Drowning Sorrows | Performing Arts Review | Chicago Reader

Drowning Sorrows 

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DROWNING SORROWS, Victory Gardens Theater. A kind of dramatic Rorschach test, Douglas Post's psychological puzzler forces audiences to fill in some tantalizing blanks. A Manhattan heiress visits the Virgin Islands, "not on a vacation, but a vendetta." Arriving at an isolated cabana with her British husband Raymond, Emily decides that the bartender, Duncan, is the guy who jilted her 20 years earlier. Raymond knows that finding her betrayer will end his wife's search for the first--and worst--love of her life, and he's willing to pay Duncan $10,000 to play along with her.

But Post makes us wonder whether Emily's fingered the real deceiver. What is Duncan hiding that makes him play his part so well? Will he repeat whatever wrong he's done with his latest lover? Post leaves the past--and future--intriguingly open-ended. A lighter touch would have worked even better, however. The metaphorical dialogue gets portentous. And Emily's final disposition is sadly unambiguous, making it clear that the playwright's real interest lies in Duncan's salvation, not Emily's healing.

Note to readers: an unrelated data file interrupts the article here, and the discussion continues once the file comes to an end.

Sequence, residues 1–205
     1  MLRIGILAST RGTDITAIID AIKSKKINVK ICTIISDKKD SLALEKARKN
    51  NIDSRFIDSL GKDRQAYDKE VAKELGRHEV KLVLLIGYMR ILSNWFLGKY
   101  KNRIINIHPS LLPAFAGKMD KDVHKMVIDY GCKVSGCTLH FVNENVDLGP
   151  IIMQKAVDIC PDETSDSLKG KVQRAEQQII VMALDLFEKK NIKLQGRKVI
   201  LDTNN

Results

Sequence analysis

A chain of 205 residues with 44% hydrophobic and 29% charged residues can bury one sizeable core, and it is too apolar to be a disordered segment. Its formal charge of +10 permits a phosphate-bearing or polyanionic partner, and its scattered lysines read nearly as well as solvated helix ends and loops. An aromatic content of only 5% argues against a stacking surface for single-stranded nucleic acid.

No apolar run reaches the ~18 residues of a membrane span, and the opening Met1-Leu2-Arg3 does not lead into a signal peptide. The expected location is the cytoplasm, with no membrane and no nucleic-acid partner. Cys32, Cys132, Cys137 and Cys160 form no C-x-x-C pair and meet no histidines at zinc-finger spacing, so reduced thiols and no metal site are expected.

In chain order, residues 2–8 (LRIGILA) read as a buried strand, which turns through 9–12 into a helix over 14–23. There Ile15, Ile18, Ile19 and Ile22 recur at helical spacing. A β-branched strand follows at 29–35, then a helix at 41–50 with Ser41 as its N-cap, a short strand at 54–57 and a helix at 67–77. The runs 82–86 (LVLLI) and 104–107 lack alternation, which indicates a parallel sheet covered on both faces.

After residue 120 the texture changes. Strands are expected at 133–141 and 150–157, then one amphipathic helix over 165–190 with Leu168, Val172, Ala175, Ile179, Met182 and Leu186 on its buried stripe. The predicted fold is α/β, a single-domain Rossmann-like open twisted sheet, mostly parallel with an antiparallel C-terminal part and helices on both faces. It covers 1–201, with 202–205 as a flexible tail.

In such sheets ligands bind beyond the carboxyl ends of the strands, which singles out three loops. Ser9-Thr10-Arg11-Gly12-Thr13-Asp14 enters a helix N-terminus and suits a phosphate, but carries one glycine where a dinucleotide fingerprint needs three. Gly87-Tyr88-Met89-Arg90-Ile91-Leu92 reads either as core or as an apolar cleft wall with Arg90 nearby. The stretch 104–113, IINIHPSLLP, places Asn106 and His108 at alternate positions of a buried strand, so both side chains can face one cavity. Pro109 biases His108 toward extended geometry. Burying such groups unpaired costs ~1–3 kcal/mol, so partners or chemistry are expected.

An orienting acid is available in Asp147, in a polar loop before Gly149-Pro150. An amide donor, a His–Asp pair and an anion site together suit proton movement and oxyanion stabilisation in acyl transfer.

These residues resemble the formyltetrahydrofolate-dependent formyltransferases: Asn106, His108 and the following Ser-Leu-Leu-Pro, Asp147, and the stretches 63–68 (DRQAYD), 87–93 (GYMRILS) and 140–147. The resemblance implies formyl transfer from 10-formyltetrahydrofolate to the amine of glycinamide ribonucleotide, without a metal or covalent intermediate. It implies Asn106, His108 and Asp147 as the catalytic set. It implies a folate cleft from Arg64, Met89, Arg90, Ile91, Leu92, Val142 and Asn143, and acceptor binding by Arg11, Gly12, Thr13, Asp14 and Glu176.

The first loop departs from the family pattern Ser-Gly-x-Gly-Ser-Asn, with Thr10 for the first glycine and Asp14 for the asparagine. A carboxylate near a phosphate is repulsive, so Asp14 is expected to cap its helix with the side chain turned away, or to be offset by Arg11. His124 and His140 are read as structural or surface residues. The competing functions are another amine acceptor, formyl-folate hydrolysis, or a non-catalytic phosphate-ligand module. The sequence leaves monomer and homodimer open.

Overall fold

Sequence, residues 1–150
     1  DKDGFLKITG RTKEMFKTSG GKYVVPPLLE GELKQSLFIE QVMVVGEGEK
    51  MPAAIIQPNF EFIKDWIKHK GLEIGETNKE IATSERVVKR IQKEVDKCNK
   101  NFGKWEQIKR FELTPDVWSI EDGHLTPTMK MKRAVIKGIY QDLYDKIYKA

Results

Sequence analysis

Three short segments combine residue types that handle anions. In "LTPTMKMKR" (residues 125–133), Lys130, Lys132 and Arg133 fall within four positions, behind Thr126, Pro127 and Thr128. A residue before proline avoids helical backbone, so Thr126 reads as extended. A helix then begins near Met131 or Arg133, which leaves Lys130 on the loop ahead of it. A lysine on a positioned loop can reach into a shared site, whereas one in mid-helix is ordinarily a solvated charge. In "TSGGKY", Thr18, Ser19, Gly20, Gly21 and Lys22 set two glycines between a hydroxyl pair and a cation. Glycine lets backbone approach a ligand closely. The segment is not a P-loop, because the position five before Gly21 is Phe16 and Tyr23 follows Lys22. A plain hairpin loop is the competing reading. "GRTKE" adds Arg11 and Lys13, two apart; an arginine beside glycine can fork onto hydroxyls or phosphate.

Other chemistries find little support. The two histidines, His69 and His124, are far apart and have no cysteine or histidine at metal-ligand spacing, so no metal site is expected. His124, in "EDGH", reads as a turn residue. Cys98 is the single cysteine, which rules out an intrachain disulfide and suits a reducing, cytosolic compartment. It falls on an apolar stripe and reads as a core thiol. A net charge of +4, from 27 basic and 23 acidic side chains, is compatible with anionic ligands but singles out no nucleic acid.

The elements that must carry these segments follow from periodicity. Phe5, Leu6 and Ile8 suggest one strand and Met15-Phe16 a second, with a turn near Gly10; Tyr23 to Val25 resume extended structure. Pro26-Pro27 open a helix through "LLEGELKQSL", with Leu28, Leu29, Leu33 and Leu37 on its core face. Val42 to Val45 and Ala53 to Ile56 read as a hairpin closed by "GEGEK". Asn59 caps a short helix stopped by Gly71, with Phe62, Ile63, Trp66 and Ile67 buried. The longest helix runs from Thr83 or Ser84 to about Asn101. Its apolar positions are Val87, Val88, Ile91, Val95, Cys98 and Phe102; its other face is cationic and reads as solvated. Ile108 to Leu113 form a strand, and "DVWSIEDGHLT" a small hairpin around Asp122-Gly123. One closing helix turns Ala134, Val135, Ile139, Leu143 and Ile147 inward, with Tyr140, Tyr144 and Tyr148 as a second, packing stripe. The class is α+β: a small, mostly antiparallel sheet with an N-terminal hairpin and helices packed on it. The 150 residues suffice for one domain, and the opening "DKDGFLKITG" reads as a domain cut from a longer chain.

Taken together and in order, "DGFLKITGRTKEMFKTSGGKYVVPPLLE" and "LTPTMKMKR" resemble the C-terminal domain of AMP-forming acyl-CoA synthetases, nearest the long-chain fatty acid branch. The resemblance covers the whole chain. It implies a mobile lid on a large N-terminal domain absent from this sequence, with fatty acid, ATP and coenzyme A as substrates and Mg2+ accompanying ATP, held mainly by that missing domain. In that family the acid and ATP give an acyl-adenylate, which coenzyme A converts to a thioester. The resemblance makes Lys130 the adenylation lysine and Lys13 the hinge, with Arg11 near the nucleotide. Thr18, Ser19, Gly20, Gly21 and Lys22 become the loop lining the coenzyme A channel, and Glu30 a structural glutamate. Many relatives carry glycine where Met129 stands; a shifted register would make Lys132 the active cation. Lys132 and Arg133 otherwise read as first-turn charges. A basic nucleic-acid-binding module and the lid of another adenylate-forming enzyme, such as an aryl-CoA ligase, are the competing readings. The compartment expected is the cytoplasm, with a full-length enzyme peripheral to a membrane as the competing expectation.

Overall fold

Curt Columbus stages Victory Gardens' world premiere without cloning the play's influences--Night of the Iguana, Key Largo, and Beyond the Horizon, O'Neill's early escapist fantasy. Kate Goehring plunges into Emily's despair, and John Judd gives Duncan an apt air of mystery. Andrew Leman plays the duffer husband with quiet menace, while Bill Bartelt's lush set amply suggests the island life in which Duncan has "drowned" for 17 years.

--Lawrence Bommer

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